The objections of the Republican opponents were summed up in the words of Representative Mike Rogers of Michigan, who said the bill would mean sharp increases in energy costs and the loss of millions of jobs. “This is the biggest energy tax in the history of the United States,” Mr. Rogers said.
    The measure has critics and supporters on the left and right. Many large manufacturers and the majority of the big utilities support it, for now, as the least-bad option for what is considered the inevitable imposition of controls on heat-trapping gases like carbon dioxide.
    CBO Cost Estimate for H.R. 2454
    The Congressional Budget Office (CBO) estimated that over the period of 2010 to 2019, the bill would increase federal revenues by $846 billion and increase direct spending by $821 billion. That leaves a net gain of about $24 billion, according to CBO. Rep. Ed Markey (D-MA), a co-sponsor of the bill along with Rep. Henry Waxman (D-CA), was enthusiastic about the bill’s potential to reduce the national deficit. “The Waxman-Markey bill will get our planet out of the red, while helping to put our budget back in black,” Markey said in a statement.
    The major environmental advocacy groups are, for the most part, enthusiastic backers. “Clearly, it’s an unprecedented step forward in the critical effort to create millions of clean-energy jobs, reduce our dependence on oil and protect our planet from global warming pollution,” said Gene Karpinski, president of the League of Conservation Voters. But some groups, like Greenpeace, Friends of the Earth, and Public Citizen, expressed concern that the bill as drafted gave away too much to polluting industries and depended excessively on hypothetical reductions in emissions of heat-trapping gases from developing countries.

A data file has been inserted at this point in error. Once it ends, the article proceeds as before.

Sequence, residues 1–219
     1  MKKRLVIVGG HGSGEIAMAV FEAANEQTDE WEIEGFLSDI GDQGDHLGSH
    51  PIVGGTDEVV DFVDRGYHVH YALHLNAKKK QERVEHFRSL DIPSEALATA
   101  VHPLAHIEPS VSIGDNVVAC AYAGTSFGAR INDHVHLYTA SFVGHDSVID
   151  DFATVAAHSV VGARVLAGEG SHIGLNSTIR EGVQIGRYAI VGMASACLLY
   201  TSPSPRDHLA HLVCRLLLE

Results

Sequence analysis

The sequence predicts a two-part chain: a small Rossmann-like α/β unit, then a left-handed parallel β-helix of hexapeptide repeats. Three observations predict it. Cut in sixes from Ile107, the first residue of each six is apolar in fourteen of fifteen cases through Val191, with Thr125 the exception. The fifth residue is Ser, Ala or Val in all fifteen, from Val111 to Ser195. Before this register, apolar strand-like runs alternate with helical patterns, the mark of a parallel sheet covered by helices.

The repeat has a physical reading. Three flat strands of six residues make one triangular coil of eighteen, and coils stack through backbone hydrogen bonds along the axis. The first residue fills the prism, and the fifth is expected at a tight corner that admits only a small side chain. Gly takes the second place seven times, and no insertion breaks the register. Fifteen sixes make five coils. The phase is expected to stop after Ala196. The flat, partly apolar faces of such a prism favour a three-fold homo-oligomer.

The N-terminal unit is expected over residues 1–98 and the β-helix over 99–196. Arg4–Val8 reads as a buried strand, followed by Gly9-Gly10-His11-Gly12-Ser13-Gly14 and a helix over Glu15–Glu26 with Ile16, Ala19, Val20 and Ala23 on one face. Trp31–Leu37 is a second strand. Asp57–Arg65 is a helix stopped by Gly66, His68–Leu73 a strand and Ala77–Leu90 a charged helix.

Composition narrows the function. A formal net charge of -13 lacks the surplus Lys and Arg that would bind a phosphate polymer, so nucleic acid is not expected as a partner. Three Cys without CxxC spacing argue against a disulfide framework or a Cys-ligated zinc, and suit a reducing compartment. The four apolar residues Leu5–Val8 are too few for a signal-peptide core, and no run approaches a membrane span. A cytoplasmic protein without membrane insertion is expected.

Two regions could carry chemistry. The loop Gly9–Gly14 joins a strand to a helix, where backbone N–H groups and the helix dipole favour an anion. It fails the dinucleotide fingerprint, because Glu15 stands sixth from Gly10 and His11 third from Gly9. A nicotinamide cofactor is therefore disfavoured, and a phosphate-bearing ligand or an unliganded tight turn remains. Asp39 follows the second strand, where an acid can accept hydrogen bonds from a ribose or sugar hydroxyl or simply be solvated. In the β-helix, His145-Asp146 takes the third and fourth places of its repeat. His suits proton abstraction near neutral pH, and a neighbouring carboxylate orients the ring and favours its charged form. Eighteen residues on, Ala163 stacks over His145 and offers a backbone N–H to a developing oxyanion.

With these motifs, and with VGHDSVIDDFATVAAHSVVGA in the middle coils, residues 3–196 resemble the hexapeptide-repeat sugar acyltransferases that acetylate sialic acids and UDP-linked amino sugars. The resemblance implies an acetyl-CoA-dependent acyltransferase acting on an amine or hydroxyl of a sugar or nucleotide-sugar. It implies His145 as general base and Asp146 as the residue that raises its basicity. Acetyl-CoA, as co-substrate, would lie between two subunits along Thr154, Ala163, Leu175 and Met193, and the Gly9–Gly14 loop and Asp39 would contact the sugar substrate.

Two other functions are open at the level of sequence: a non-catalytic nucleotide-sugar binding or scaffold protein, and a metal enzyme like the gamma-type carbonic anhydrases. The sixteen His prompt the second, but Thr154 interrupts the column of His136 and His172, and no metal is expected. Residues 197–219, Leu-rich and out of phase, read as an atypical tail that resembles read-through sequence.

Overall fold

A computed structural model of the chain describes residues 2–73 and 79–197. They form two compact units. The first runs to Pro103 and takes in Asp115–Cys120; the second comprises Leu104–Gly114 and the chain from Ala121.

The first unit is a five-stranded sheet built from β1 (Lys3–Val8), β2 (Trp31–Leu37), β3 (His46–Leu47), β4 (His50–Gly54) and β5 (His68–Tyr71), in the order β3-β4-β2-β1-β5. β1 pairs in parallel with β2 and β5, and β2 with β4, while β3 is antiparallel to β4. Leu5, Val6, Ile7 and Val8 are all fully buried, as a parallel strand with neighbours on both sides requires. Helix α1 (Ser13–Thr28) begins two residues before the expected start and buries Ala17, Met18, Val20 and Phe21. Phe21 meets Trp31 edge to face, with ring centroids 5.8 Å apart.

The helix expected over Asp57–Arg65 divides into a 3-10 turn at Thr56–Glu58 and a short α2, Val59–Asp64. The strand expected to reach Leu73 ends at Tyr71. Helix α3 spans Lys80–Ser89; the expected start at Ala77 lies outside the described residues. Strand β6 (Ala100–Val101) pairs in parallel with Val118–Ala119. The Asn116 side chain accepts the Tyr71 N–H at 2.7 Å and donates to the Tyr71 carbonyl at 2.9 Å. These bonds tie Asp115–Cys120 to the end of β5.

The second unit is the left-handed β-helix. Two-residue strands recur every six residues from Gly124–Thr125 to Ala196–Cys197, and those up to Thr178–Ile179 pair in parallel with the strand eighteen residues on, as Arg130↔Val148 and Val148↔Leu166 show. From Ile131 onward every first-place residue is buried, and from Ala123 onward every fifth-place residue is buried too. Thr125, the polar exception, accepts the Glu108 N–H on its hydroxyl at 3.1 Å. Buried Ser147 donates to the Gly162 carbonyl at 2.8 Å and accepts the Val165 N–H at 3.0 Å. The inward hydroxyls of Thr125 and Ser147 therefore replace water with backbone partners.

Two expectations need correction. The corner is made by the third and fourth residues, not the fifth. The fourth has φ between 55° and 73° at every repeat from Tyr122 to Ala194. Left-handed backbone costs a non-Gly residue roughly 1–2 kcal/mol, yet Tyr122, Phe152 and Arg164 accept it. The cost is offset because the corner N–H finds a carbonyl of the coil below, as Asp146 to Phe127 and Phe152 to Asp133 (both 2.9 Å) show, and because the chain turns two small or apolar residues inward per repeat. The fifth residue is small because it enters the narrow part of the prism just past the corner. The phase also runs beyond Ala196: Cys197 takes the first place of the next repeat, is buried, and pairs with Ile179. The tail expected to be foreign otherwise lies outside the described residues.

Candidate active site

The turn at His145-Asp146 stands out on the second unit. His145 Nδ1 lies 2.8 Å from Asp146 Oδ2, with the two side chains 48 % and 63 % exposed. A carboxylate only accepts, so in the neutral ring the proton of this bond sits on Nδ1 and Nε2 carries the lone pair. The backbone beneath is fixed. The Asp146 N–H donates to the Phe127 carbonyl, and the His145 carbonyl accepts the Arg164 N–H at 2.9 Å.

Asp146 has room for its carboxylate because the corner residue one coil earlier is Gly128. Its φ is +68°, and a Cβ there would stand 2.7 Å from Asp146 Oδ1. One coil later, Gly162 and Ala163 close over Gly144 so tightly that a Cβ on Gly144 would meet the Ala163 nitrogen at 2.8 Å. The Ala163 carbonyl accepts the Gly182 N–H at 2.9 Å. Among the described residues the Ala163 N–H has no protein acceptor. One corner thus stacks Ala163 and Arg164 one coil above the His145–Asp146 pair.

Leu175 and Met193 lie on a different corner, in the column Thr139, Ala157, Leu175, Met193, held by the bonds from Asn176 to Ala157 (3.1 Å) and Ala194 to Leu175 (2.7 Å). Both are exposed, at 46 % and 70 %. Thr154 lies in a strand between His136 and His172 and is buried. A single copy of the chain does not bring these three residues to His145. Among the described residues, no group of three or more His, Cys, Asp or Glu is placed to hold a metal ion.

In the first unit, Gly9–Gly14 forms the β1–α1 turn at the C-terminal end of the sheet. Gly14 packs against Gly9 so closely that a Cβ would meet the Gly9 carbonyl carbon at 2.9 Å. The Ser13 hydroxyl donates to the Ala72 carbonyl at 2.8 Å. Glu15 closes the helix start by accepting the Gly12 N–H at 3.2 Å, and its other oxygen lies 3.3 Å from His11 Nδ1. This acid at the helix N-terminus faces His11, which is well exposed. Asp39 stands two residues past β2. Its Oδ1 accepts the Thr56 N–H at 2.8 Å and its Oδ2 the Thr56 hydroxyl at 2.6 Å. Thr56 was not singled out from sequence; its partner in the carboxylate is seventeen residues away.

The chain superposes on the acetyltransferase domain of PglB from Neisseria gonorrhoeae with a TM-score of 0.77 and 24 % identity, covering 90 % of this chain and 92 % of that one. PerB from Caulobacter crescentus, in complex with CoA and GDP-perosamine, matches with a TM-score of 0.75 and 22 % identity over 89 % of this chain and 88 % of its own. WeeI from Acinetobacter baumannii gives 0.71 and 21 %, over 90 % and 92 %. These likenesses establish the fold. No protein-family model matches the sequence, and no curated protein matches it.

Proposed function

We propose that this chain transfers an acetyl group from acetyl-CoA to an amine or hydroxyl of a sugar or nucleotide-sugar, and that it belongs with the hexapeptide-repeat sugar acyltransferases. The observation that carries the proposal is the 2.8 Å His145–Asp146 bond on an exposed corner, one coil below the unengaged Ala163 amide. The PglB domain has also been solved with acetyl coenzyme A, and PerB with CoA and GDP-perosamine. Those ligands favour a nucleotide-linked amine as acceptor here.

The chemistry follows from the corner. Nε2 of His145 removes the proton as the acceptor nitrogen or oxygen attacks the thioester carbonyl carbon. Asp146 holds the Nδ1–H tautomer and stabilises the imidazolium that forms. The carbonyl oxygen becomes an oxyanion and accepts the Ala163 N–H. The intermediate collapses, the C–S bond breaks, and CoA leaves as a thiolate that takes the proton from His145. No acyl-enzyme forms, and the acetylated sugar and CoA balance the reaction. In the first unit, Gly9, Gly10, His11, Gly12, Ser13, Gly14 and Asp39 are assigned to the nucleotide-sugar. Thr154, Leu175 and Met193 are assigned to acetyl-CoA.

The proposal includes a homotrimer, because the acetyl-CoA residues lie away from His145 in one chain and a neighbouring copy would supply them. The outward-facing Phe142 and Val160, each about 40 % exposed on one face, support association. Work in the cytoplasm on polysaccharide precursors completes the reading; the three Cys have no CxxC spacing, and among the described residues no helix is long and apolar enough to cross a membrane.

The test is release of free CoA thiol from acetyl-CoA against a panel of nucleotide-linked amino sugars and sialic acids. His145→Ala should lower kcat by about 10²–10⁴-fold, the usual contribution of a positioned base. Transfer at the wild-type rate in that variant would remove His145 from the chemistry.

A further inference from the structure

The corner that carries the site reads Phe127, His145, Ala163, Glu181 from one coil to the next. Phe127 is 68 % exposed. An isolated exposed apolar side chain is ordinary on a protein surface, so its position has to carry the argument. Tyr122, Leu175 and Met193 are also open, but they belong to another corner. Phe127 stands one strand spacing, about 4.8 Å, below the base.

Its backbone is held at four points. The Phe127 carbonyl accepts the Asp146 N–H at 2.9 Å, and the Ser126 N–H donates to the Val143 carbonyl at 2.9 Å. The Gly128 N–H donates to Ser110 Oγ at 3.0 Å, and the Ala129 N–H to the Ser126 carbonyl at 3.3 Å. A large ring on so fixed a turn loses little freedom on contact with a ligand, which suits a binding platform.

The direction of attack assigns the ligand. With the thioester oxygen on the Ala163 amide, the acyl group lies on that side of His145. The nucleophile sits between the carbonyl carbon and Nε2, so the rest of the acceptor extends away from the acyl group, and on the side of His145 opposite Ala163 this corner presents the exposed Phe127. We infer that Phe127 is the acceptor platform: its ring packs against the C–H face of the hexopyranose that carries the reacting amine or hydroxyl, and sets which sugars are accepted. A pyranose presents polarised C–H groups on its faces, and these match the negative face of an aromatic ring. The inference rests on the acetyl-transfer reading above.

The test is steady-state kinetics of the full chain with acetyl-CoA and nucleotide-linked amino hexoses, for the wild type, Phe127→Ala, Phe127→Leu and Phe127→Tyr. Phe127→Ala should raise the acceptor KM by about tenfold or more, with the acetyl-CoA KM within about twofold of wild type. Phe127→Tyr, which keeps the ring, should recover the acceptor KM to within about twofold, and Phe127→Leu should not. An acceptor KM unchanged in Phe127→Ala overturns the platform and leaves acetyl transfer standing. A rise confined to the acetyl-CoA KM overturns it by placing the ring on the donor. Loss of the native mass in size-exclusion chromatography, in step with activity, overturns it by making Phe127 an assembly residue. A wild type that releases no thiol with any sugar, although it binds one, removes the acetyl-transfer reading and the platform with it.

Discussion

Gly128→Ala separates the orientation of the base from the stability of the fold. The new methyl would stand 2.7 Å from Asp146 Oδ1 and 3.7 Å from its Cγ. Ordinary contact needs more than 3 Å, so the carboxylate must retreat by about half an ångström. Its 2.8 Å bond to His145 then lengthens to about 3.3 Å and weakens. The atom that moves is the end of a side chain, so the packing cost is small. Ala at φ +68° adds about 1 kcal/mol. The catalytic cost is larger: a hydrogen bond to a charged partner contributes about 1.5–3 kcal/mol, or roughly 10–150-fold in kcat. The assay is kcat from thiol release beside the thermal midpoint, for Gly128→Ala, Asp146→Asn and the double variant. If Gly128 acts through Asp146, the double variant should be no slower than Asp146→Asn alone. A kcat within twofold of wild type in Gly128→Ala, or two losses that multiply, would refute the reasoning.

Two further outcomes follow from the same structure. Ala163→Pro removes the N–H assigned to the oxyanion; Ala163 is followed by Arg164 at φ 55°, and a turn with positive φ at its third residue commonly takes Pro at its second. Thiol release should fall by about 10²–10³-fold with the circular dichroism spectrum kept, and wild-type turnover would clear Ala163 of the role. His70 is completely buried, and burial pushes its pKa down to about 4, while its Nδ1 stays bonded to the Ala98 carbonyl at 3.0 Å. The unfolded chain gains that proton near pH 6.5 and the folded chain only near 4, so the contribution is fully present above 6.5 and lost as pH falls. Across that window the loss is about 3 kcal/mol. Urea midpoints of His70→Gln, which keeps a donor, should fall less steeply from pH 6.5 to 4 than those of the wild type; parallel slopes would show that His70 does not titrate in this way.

This is good for jobs, good for investment, and good for the environment,” said Congressman Henry Waxman of California, who chairs the committee. “We are establishing strong protections to ensure America’s industrial capacity can thrive without being disadvantaged by overseas competition.”
    “We’ve worked hard to develop legislation that will dramatically reduce CO2 emissions while preserving energy-intensive U.S. manufacturing jobs and protecting consumers from substantially higher electric bills – and I believe that the agreement we’ve reached will do just that,” said co-author of the agreement Congressman Mike Doyle of Pennsylvania.
    Related Resources:
    Draft Letter of Support to Congress
    Section 205- Tree Planting Programs
    May 20, 2009 Markup
    H.R. 2454- American Clean Energy and Security Act of 2009
    H.R. 2454 Draft
    CBO Cost Estimate for H.R. 2454
    Energy Conservation through Trees Act
    New York Times- Climate Bill Clears Hurdle, but Others Remain
    ENN- Clean Energy Bill Takes Shape
    Bloomberg- Waxman Said to Offer Free Permits in Climate Talks
    New York Times- Waxman buys time with pledge to produce climate bill next week
    Reuters- Senior House Republican sees climate bill delay